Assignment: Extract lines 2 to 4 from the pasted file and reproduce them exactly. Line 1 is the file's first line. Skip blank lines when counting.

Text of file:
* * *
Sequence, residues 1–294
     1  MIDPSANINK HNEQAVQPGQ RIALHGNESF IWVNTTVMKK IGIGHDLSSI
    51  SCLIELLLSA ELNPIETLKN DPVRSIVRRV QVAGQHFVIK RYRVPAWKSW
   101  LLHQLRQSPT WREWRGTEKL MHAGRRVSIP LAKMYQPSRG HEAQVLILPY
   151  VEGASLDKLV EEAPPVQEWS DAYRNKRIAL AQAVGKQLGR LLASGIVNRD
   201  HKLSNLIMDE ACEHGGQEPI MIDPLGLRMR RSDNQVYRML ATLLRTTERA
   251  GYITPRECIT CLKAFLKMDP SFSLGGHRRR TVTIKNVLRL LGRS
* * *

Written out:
     1  MIDPSANINK HNEQAVQPGQ RIALHGNESF IWVNTTVMKK IGIGHDLSSI
    51  SCLIELLLSA ELNPIETLKN DPVRSIVRRV QVAGQHFVIK RYRVPAWKSW
   101  LLHQLRQSPT WREWRGTEKL MHAGRRVSIP LAKMYQPSRG HEAQVLILPY